Friday, December 30, 2011
When I lived in Japan, one of the tastiest menus that I learned was how to prepare the traditional New Year's food. First introduced during the Heinan Period, osechi-ryori is basically a bento (boxed lunch) prepared in advance, stored in a cool place, and reheated when it is to be eaten during the first three days of the new year. Each dish and ingredient in osechi has meaning, such as good health, fertility, good harvest, happiness, and long life.
Cleaning up everything from the previous year and starting the new year with a clean slate complete with nourishing healthy food is very culturally important!
Here are some of the ingredients and their significance.
The only description I could find about mochi was along the lines of "wishes for many healthy family generations". This chewy, puffy form of pounded rice is so delicious and nourishing wrapped with nori and drizzled with shoyu. Mochi is also an ingredient in ozouni soup and is placed at the front door with special New Year's decorations.
Black Soybeans (Kuromame)
These sweet and hearty beans signify good health, vitality, wealth, abundance, and prosperity. These are typically made these days with sugar and shoyu, though the macrobiotic way is to replace these with natural handmade mirin, brown rice syrup, and unpasteurized, fermented shoyu.
Usually made into kombu maki (as seen on the left), this represents joy.
A slow simmered vegetable dish signifying "harmonious family relationships".
This is an auspicious food, because you can see through the holes of the root "into the future."
Sweet rolled omelette mixed with fish paste which symbolizes wishes for many auspicious days filled with gold, wealth, fertility, and children. I learned how to make it with tofu and millet (also, minus the fish paste).
Usually made into a dish called "kinpira gobo". This symbolizes "wishing for luck to split and multiply."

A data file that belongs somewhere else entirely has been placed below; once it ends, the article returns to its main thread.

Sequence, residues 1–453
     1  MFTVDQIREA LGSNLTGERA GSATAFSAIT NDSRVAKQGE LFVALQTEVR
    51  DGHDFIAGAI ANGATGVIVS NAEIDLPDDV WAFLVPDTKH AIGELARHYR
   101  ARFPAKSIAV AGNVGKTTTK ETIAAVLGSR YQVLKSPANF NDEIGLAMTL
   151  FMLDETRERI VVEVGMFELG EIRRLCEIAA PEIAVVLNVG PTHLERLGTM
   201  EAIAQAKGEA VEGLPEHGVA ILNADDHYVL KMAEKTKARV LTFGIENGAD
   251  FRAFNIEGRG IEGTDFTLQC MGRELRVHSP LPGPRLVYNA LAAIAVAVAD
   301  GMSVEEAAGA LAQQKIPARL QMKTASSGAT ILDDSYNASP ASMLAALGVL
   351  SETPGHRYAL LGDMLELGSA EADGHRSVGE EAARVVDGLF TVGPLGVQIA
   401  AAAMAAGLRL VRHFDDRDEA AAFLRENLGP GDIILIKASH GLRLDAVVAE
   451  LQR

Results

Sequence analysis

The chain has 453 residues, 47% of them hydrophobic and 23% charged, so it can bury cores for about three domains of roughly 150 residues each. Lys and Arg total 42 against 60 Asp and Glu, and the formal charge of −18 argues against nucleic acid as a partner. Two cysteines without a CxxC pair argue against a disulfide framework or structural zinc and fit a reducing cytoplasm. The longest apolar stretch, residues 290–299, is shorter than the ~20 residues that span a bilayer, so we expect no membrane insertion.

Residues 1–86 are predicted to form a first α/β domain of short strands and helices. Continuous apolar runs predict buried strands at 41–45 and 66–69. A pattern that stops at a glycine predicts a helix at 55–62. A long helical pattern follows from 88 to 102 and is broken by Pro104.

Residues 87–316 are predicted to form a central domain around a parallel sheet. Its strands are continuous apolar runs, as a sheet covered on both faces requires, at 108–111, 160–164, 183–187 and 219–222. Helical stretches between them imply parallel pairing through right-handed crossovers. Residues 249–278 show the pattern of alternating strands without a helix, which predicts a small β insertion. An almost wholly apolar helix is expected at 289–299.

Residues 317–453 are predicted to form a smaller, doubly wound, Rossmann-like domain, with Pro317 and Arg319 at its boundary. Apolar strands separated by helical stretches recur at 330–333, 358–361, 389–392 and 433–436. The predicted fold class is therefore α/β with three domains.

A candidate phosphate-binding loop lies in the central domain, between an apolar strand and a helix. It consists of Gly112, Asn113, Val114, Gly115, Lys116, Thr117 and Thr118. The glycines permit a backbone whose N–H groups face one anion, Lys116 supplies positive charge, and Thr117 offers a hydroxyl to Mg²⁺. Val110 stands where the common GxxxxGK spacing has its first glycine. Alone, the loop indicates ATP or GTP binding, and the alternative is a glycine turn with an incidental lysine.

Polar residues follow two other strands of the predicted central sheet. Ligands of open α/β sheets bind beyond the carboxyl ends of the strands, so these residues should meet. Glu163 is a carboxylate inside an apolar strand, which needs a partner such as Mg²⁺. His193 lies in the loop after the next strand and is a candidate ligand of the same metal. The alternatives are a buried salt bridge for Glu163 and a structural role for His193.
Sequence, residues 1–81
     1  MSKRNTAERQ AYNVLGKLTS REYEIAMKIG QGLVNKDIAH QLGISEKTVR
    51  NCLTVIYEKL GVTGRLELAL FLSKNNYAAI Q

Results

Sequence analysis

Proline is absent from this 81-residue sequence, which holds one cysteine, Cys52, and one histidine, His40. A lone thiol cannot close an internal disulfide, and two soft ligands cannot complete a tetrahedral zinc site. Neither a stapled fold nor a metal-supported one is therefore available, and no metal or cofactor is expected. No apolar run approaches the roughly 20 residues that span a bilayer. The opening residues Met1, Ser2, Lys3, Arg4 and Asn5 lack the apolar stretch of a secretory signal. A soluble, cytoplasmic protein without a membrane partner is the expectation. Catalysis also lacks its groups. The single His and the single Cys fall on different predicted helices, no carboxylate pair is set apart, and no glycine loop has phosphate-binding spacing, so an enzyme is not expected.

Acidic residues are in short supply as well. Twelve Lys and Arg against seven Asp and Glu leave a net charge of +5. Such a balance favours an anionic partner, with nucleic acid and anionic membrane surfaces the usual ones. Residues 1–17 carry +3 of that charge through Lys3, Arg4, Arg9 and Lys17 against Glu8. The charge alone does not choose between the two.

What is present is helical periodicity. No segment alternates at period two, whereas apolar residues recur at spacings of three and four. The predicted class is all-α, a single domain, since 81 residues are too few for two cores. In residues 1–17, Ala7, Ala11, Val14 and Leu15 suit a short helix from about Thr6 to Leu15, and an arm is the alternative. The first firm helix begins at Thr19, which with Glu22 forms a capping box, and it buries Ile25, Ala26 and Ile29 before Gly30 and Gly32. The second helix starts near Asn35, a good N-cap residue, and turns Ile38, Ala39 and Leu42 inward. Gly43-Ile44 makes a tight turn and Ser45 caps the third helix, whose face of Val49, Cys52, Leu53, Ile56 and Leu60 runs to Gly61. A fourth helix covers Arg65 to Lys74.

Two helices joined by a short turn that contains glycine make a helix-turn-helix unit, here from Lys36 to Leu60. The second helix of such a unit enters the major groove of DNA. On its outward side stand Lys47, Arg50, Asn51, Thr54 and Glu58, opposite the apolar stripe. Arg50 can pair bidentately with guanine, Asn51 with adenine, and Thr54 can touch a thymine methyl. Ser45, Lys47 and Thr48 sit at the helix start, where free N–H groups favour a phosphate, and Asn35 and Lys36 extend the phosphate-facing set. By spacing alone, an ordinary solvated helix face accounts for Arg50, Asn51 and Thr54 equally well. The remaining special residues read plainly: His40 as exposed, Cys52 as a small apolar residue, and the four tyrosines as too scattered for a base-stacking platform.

There are other foods that I haven't mentioned here.
Have a safe, happy, healthy, and abundant new year everyone!
Saturday, December 03, 2011
Thursday, July 21, 2011
Whole foods such as grains, beans, nuts, seeds, and land and sea vegetables contain:
The vast range of benefits include:
Healthy nervous system and metabolism function, lactation, fertility, red blood cell formation, health of organs, aid in fat synthesis, prevents birth defects, lowers cholesterol, inhibits tumor formation, aids digestion.....
- assists in formation of connective tissue (keeps skin firm)
- helps heal wounds and broken bones
- aids in red blood cell formation
- protects against capillary wall ruptures, bruising, and scurvy
cauliflower, broccoli, mustard greens, kale, parsley, and other leafy green vegetables, strawberries, oranges, cantaloupe, and other fresh, seasonal, fruits
- promotes the health of eyes and skin.
- increases immunity to infections and reduces free radicals.
- protects against tumors, especially lung.
- improves skin texture and reduces age spots.
carrots, winter squash (kabocha, butternut, etc), rutabaga, other yellow-orange vegetables, broccoli, kale, and other dark green leafy vegetables, and nori.
Saturday, July 02, 2011
I always make a point to purchase Kula strawberries when I'm in the grocery store to support the production of local produce. Here's a great way to prepare them for dessert:
Balsamic Macerated Strawberries
2 pounds strawberries, sliced thin
1 T brown rice syrup, optional
2 tsp organic balsamic vinegar (best quality you can afford)
8 to 10 basil leaves, chopped
In a large bowl, place sliced strawberries, brown rice syrup, and balsamic vinegar. Let the strawberries marinate for about 30 minutes in their own juices until they begin to wilt but not get too mushy. Place in bowls and serve. Just before serving, chop the basil and scatter over the top of the strawberries.
- Enjoy with Soya Whip (see previous post) by spooning on top or tossing the berries through.
- Serve over your favorite all natural vanilla cake, or even over soy ice cream.
- Substitute mint for basil.
1. Homemade granola with organic oats, nuts, seeds, dried fruits, coconut, and maple syrup.
2. Raw kale salad with dino kale, carrots, cucumbers, red pepper, lemon juice, olive oil, organic tamari, and local tomatoes.
3. Alter Eco Dark Chocolate with Quinoa
4. Red wine
5. Summer fruits like blueberries, strawberries, and canteloupe.
6. Long walks and running in nature.
7. Going to the beach.
8. Family time.
9. Pot boiled brown rice instead of pressure cooked, for a change.
10. Connecting with macrobiotic enthusiasts on Kauai.